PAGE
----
You Want the Pulpit, but Not the Cross

You Want the Pulpit, but Not the Cross

God has been calling me to ministry since I was a child. I have also been running from ministry since I was a child. I’m not kidding. The minute I got my small glimpse of freedom in college, I ran as fast as I could. I became president of the “My flesh runs my life” club.

Am I proud of it? No. But what exactly caused me to run so far from my call that God had to disrupt my life in such a way that I came crawling back asking for forgiveness? That beautiful, sparkling pulpit you see every Sunday morning and hopefully Wednesday evenings if you’re diligent.

That pulpit everyone around me seemed to desire, but I wanted nothing to do with.

See, I had a unique glimpse into the life of ministry that many don’t get to see. What I like to call “back room ministry”. The ministry you see at home in the tired face of your mother. Seeing invitations declined to what seemed to be pure fun that are left on the counter to collect dust. The 3am wake up calls from God that leave you dozing off before the night-time news. The long table of wine glasses for family friends and the water glass in front of your parent.

The exposure to ministry I got as a child of a pastor was a real-life, up close and personal view of what bearing the cross of ministry looked like. I saw the hugs, tears, thank you’s and god bless you’s on Sunday mornings, but I also saw the sacrifice on Saturday night.

And I ran, because I didn’t want to be that different.

When I stopped running and accepted my call, I started to see how my peers began treating me differently. The “she thinks she’s too good to go out with us now” comments and the “why does she have to get a prophecy every time someone comes to church” looks. I just couldn’t understand it. My entire life I had been running from my cross, I finally pick it up and carry it, and you despise me for it because I’m headed towards the pulpit?!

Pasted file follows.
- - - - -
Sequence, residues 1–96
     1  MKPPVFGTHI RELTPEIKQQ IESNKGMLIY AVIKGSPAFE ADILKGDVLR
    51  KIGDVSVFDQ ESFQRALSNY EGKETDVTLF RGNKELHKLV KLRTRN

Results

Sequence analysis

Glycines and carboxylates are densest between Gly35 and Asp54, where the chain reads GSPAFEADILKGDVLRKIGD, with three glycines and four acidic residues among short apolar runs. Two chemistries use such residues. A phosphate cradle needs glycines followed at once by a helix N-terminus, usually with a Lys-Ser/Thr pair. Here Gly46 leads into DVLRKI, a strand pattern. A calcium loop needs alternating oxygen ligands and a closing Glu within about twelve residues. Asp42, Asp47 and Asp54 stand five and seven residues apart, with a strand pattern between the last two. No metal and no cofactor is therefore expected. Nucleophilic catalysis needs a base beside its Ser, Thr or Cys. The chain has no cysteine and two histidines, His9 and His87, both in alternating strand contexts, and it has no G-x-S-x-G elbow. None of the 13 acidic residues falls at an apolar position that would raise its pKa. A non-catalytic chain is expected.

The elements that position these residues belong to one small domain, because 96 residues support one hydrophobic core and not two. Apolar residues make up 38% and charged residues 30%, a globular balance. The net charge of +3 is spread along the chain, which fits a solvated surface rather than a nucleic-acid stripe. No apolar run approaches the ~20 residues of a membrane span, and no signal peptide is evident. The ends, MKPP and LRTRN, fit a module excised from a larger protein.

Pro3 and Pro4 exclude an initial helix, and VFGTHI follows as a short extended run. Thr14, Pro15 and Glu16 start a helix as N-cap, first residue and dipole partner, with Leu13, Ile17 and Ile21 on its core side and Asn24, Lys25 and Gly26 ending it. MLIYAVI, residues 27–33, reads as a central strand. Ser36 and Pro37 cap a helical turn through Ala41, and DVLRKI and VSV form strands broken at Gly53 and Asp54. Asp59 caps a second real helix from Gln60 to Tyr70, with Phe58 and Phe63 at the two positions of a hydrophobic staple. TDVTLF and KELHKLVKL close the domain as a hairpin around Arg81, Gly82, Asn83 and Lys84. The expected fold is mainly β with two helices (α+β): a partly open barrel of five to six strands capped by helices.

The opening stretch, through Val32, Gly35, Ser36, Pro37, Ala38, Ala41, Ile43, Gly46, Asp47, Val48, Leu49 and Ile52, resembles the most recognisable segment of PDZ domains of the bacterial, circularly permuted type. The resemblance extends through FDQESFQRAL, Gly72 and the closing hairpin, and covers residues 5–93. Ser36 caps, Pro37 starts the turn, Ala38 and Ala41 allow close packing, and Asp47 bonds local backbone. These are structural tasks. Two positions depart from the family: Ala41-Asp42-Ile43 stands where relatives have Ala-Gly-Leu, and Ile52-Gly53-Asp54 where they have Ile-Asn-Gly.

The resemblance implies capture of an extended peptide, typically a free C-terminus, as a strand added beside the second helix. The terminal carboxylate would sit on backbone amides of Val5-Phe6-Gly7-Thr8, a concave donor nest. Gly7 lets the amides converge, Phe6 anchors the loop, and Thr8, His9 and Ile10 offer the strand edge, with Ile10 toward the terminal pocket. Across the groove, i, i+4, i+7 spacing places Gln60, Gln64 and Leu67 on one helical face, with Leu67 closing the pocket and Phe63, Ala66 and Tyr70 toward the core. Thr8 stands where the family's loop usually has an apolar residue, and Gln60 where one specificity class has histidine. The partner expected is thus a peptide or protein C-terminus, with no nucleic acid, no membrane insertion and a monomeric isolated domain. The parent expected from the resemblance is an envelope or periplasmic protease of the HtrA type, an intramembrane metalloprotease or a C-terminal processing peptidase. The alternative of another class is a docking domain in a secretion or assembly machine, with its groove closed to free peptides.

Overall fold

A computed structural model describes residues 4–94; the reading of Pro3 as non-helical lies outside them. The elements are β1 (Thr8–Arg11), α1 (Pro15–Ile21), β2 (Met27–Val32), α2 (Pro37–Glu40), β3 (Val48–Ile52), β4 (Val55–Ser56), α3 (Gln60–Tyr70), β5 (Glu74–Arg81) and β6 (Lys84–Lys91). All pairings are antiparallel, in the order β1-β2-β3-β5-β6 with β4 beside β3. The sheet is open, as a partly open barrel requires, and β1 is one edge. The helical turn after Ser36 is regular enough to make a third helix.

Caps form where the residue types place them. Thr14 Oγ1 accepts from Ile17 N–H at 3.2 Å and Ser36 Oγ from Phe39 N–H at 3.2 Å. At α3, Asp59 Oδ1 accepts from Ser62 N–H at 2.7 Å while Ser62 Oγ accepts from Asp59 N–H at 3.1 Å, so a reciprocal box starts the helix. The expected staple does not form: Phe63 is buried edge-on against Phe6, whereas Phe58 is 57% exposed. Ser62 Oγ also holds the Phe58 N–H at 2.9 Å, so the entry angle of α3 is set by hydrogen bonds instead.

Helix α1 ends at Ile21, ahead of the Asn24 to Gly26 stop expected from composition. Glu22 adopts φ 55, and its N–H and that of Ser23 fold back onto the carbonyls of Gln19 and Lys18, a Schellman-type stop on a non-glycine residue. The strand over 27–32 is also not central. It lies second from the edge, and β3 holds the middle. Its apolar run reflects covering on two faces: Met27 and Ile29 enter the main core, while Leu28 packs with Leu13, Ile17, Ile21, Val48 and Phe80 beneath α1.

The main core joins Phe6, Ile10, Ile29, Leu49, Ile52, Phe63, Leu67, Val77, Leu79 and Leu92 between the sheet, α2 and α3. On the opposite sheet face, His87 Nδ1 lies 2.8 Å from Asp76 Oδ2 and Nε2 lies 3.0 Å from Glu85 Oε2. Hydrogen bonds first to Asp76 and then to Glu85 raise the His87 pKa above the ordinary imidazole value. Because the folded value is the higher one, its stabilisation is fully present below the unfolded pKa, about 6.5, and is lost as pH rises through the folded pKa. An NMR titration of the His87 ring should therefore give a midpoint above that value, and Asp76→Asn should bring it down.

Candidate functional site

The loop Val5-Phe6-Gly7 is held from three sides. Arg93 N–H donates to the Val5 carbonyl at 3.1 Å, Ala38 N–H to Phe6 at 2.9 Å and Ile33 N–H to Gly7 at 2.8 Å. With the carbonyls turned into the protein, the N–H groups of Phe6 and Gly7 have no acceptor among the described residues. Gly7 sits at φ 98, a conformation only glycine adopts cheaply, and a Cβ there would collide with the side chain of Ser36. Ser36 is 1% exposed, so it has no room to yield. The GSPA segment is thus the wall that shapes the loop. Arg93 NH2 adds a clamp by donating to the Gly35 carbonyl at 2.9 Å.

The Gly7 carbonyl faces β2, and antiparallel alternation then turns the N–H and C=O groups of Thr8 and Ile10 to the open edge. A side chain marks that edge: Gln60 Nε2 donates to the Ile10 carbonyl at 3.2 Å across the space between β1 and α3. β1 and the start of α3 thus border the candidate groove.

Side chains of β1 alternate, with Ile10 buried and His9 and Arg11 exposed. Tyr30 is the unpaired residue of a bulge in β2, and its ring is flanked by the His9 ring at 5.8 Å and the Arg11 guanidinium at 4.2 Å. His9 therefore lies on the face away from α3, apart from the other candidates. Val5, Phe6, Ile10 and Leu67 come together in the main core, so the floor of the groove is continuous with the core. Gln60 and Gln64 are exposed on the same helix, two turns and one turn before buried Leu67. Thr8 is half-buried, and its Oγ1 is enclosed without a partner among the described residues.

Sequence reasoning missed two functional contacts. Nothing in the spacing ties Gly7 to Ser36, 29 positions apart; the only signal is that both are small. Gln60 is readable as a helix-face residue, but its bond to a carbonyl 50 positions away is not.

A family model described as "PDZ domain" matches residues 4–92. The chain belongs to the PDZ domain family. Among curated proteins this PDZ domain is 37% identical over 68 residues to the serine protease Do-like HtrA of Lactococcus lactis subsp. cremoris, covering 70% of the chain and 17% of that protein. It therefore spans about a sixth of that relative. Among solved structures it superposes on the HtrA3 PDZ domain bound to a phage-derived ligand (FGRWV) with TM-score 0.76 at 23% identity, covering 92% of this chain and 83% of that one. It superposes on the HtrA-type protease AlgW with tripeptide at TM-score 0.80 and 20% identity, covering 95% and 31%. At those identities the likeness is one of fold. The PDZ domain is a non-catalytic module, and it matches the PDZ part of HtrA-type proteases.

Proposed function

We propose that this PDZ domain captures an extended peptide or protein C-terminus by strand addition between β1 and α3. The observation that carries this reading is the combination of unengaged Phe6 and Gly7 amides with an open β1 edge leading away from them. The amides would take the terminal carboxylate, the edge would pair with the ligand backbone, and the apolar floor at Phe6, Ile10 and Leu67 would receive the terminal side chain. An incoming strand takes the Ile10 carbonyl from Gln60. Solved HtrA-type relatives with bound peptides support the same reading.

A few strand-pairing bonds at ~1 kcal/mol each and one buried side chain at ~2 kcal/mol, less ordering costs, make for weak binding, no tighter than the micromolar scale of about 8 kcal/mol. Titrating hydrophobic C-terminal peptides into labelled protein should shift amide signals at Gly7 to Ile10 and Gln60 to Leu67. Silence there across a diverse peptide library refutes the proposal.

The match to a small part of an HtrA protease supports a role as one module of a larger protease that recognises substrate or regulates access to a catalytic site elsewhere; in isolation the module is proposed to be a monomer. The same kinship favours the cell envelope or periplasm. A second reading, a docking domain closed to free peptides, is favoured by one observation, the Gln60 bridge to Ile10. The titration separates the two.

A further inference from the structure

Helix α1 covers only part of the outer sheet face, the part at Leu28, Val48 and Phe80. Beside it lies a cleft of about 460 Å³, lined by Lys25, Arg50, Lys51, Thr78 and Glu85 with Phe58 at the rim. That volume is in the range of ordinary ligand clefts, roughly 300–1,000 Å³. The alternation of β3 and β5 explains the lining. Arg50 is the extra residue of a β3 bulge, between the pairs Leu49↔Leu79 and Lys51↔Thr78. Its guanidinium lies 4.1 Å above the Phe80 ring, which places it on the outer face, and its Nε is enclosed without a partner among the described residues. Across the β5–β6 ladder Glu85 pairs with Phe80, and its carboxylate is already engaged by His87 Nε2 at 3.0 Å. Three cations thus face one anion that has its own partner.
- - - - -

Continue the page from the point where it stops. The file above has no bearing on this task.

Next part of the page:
The truth is this. I would love to be called to speak only to a few people at a time. I would love to get a prophesy only calling me to my small group of friends, or the one or two people I will be ministering to at my job. To be honest, I would love to simply stand in agreement with the Rhema words of my peers and rarely get a prophesy myself.

That simply is not what God has asked me to do. As a pastor’s kid, I understand all too well what that cross looks like. This is why I don’t understand why people run towards the pulpit with such desire. What you see on Sunday mornings is only a glimpse into what it takes. Trust me, those Sunday mornings aren’t all sunshine and rose petals either. People only want the pulpit for the encouraging sermons, but what about when God asks you to bring conviction to His church? Does it look attractive then?

My heart for my generation is that everyone understands the importance of their call. That they not envy the gifting and anointing of those around them, but simply walk in what God has graced them to do. We all have a pulpit, whether that is in front of the masses on a Sunday morning, or at your job during the week. Each is just as important to the kingdom, one not holding a greater value than the other.

But please understand that for those who are called to be shepherds, to speak to the masses, and to be a mouthpiece for God to many, the cross they bear is great. The heart breaks they will experience are numerous and the daily sacrifices are countless. The scrutiny is exhausting and the love is conditional.

Don’t run from your pulpit, wherever it may be; its invaluable to the kingdom of God.

Don’t envy the pulpit of others; you don’t know the cross they bear.

Comments or Questions?

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